Make Your Second Life Special If You Destroyed Your First One

How A Destiny Gets Hijacked

A baseball movie is not supposed to make a dude cry, but that’s exactly what Bernard Malamud’s The Natural did to me.

My ability to hold it together was undone during the story’s “all is lost” moment as Iris Gaines taught a powerful lesson of redemption not only to her estranged lover Roy Hobbs but to all of us who feel we’ve wasted some of our best years.

Earlier in the story, we see Hobbs as one of the most naturally gifted players ever to grip a baseball. He’s a can’t-miss prospect with a chance to be the GOAT (greatest-of-all-time).

Working “GOAT” into an article makes me feel hip. In addition to that, I just took my four small kids to Chick-fil-a in my joggers and Jordan’s that I got for my forty-first birthday. Midlife crisis much?

Anyway, back to the midlife crisis story that’s actually fictitious.

Unfortunately, on his way to breaking in with the Chicago Cubs as an invincible twenty-year-old, tragedy derailed Hobbs’ career before it ever got started.

On the train ride to the Windy City, the starry-eyed, young prospect fell for the wrong woman and wound up getting himself shot, of all things. He survived the shooting, but his injuries were severe enough to indefinitely postponed his baseball career.

What a blow.

Predictably, Hobbs didn’t handle his new reality well.    

Adding shame and self-destructive behavior to the rotten luck of having a tryst with an armed psychopath, Hobbs parlayed an unfortunate life event into a full-blown downward spiral that delayed his major league debut by sixteen years.

That’s right, Hobbs’ best years, his youth, was tragically and senselessly laid to waste.

But that’s not the worst part of the story.

That comes after Hobbs pulls himself up by his bootstraps and give baseball one more shot. Amazingly enough, he scrapes together enough of a comeback to finally break into the major leagues with a bottom-feeder team at the ripe old age of thirty-six.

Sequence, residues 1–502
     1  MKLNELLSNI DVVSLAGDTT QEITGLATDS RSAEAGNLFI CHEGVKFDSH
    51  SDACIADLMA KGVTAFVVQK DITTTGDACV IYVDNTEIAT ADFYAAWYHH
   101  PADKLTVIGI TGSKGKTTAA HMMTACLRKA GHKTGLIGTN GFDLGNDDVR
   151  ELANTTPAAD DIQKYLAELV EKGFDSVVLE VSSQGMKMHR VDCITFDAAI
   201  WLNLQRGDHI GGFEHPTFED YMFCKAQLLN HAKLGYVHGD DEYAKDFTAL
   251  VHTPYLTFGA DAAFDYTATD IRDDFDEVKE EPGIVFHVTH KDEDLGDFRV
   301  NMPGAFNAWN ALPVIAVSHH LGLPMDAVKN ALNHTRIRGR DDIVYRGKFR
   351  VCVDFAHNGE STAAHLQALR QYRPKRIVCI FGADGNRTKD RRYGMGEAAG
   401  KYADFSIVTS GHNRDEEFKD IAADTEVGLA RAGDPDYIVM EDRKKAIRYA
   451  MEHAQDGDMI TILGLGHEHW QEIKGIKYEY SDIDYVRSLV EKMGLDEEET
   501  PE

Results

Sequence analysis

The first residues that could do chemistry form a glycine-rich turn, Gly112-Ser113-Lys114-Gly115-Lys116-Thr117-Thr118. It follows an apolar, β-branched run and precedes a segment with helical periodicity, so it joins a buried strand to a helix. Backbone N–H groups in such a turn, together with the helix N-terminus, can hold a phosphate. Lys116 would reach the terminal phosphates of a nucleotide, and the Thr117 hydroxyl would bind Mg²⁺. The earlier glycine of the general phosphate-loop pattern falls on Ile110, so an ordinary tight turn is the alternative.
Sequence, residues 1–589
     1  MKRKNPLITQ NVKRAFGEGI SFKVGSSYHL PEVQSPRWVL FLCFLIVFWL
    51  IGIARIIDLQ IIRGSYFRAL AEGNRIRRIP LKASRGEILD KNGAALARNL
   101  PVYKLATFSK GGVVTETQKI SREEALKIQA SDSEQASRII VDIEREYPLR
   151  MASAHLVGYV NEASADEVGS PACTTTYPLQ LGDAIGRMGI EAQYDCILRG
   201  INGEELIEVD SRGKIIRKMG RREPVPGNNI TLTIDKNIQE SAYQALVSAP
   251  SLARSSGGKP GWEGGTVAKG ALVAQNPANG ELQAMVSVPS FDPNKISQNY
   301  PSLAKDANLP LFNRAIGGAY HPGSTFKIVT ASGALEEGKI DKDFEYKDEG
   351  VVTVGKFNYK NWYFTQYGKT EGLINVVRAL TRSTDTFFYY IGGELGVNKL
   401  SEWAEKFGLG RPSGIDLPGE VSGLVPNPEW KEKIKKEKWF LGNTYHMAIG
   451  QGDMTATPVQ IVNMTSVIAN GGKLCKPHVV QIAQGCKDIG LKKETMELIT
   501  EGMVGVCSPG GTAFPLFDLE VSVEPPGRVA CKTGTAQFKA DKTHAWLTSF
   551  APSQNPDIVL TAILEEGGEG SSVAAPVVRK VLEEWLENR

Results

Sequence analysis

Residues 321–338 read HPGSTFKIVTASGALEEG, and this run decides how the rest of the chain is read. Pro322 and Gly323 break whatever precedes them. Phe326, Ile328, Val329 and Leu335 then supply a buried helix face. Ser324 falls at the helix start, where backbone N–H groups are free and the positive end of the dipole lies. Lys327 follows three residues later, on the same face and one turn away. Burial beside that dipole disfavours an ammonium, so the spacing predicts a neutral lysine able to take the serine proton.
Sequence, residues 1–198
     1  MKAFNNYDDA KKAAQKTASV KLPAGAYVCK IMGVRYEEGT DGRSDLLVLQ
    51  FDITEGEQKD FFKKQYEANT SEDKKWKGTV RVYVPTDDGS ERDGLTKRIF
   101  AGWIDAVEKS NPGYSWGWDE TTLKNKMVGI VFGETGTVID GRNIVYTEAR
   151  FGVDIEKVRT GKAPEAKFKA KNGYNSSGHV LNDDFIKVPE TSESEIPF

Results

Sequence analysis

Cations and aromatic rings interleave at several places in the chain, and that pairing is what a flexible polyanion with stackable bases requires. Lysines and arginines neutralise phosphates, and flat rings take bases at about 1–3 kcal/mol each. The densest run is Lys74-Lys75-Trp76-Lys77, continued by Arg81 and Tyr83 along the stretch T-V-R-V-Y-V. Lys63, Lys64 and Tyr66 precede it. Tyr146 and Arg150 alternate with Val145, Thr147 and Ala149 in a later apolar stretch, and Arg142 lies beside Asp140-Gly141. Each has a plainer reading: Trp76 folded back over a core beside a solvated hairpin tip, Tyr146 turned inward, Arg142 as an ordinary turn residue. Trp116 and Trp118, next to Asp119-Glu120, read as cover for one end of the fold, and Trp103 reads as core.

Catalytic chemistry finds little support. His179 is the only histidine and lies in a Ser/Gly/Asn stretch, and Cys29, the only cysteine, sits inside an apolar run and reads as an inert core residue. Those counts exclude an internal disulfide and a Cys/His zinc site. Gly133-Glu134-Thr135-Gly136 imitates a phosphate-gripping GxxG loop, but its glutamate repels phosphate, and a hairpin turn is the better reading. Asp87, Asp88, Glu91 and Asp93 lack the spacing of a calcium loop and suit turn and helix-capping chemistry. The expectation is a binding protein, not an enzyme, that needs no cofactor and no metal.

While this was hardly a promising opportunity, Hobbs’ elite talent won out.

Against all odds, Hobbs had a rookie season to end all rookie seasons.

Despite his advanced age as a player, he took the major leagues by storm. He hit home runs in bunches, led his team to the pennant, and dominated the front page of every newspaper in the country.

Roy Hobbs was a hero.

A hero to everyone but himself.

For in Hobbs’ mind, his dream year was not the redemption story everyone made it out to be. To him, it played more like a tragedy.

The way he saw it, his great season was, more than anything, hard evidence of not only how great he could have been, but also how great he would never get the chance to be.

He’d shown up late for the party. He’d squandered away his best years. Now, he was out of time.

Hobbs’ lament to Iris, the day before his final game is a dead-on example of what midlife regret sounds like.

Hobbs: I coulda been better. I coulda broke every record in the book.

Iris: And then?

Hobbs: And then? And then when I walked down the street people would’ve looked and they would’ve said there goes Roy Hobbs, the best there ever was in this game.

I Could Have Been So Much More

During this scene, I nodded to the cadence of Roy’s words because I’ve felt an awful lot like him.  

As I hit rock bottom professionally, emotionally, and financially during midlife, I reflected upon what a waste my previous years had apparently been.

After acing his class, my English professor wrote on my final portfolio, “You’re going to do very well for yourself, Jathan.

In twenty years of nonprofit leadership, people liked me and followed me and looked forward to what I might blossom into someday.

I even had glowing compliments from parishioners when I was an up-and-comer at my father’s church.

One said, “Jathan, I didn’t think you were going to make it as a preacher, but after hearing that sermon you preached Sunday, you’ve just about changed my mind.”